Two Optoelectronics Research Centre professors receive part of €12m ERC research funding
The two researchers are known for toroidal light pulses, ultrashort pulse intections with matter.
ORC researchers Peter Kazansky and Nikolay Zheludev. (Images: ORC)
Peter Kazansky and Nikolay Zheludev, two professors at the Optoelectronics Research Centre (ORC), are among five researchers from the University of Southampton (Southampton, UK) to have won the European Research Council's (ERC) Advanced Grants totalling more than €12 million.
One grant went to Peter Kazansky, head of the Physical Optics group at the ORC, who has been awarded €2.5 million for his project entitled ENIGMA (ENgIneerinG MAterial properties with advanced laser direct writing). The project will examine the interaction between intense ultrashort light pulses and matter at, or below, the wavelength scale, reaching states of matter found only deep in the cores of the Earth and other planets.
"The ENIGMA project will push the frontiers of laser material processing to an unprecedented level of control and will develop a novel family of devices that will feed into the future of optics, electronics and computing," says Kazansky.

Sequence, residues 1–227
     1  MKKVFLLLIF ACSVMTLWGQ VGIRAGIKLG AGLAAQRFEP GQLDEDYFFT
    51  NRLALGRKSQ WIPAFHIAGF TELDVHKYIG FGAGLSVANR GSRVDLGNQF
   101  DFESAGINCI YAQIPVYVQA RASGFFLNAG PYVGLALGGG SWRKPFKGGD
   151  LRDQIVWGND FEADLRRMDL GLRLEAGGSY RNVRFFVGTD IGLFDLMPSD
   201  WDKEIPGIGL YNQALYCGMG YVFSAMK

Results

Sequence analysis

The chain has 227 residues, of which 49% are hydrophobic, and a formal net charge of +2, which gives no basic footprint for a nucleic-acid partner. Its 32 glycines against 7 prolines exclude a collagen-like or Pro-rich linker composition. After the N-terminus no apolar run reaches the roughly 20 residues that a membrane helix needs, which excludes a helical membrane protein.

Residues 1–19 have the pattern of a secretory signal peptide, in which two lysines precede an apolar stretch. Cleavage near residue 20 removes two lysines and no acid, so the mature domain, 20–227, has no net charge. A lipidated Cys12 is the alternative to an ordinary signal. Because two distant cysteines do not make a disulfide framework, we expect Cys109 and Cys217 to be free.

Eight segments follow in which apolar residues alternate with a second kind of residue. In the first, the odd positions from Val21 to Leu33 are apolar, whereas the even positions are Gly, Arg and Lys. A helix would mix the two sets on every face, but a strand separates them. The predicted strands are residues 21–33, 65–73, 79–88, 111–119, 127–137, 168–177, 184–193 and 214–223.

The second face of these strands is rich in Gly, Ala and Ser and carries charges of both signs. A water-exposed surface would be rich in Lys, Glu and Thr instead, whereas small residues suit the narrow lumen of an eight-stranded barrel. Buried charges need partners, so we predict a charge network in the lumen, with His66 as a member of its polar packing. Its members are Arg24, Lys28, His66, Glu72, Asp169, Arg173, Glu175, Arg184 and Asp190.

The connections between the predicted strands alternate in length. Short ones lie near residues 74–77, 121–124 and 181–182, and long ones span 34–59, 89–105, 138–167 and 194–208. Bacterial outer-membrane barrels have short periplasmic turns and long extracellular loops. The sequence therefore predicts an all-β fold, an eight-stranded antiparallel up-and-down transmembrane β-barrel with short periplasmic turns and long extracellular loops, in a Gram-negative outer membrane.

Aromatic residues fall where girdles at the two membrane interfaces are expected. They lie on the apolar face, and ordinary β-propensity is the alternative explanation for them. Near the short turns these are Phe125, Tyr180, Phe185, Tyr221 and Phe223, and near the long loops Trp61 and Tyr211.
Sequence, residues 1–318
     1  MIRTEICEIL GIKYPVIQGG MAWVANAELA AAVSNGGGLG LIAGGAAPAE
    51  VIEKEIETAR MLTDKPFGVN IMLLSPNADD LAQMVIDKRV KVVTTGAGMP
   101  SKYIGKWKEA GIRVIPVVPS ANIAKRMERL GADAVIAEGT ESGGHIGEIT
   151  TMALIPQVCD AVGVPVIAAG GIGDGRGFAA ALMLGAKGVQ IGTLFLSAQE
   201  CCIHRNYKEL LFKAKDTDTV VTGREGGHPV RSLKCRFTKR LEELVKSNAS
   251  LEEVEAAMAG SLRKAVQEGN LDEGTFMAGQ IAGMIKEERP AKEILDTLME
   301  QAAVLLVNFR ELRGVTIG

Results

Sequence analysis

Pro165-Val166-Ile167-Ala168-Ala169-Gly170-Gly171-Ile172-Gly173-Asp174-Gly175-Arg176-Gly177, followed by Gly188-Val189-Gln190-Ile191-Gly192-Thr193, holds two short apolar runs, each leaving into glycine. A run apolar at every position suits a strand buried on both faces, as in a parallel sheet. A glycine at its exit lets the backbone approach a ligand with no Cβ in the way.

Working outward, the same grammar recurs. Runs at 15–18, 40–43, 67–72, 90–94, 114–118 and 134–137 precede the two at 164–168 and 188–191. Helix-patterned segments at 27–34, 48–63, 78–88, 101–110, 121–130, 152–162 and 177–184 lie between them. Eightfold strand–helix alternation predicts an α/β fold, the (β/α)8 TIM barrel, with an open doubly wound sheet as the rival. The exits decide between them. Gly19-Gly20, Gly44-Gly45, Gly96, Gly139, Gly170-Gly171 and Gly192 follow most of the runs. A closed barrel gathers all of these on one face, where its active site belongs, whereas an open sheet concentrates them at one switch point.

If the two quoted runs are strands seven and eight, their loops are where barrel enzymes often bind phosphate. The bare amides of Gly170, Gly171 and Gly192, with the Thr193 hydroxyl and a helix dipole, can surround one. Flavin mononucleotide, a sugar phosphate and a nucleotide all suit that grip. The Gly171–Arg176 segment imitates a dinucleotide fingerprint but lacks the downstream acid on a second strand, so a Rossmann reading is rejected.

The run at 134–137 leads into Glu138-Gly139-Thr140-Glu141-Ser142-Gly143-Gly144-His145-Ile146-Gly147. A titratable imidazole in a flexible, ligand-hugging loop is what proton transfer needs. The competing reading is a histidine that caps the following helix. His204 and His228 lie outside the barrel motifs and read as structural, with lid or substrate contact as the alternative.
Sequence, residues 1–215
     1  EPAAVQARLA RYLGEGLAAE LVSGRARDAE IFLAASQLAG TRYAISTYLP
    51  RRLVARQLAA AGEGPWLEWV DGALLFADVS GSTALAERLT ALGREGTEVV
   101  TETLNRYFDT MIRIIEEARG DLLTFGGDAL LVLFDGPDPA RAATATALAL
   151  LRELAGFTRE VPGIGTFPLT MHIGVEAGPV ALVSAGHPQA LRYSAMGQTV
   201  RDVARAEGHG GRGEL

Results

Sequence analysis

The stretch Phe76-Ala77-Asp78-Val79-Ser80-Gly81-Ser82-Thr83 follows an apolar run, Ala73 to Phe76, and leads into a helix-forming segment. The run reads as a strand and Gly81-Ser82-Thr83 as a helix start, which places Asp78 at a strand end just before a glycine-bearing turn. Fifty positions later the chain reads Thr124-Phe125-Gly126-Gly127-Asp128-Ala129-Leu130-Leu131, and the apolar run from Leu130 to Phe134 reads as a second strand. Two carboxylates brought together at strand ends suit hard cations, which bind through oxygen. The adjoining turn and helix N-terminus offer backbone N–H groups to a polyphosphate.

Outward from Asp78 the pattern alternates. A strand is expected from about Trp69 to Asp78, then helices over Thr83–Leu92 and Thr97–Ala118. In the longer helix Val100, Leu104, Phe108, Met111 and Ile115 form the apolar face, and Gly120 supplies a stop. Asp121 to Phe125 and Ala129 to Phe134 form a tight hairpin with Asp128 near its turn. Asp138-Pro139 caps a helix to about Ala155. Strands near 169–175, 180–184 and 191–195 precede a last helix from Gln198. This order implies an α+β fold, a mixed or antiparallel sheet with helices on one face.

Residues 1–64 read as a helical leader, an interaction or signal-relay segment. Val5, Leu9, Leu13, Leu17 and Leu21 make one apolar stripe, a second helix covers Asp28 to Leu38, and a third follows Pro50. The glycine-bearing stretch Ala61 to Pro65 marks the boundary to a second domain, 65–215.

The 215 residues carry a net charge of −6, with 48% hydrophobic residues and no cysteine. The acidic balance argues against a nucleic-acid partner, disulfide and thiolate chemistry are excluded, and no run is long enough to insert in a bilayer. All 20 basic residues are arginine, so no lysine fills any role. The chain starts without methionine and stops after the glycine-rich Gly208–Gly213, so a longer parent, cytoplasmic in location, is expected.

Flying toroid light pulses
Another grant went to Nikolay Zheludev, Deputy Director of the ORC and head of the Nanophotonics and Metamaterials research group, who has been awarded €2.57 million for his FLEET (FLying ElectromagnEtic Toroids) project, which will study the generation, detection, and interaction with matter of flying toroids, a type of light pulse never experimentally studied before.
"This project represents an exciting opportunity to advance optics and electromagnetism in a radically new direction since Hertz, Marconi, Popov, and Tesla developed the groundbreaking technology for generating, detecting, and communicating with transverse electromagnetic waves," notes Zheludev.
The other three professors receiving ERC Advanced Grants from the University are Lajos Hanzo, Electronics and Computer Science, for his QuantCom research project; Malcolm Levitt, School of Chemistry, for his FunMagResBeacons (Functionalised Magnetic Resonance Beacons for Enhanced Spectroscopy and Imaging) project; and Tony Brown, School of Geography and Environment, for a project entitled TerrACE, looking into the long-term creation, maintenance, and use of ancient agricultural terraces.
David Payne, director of the Optoelectronics Research Centre, notes that the grants are without predetermined priorities, meanign that the research investigator has an unprecedented amount of freedom in terms of research direction.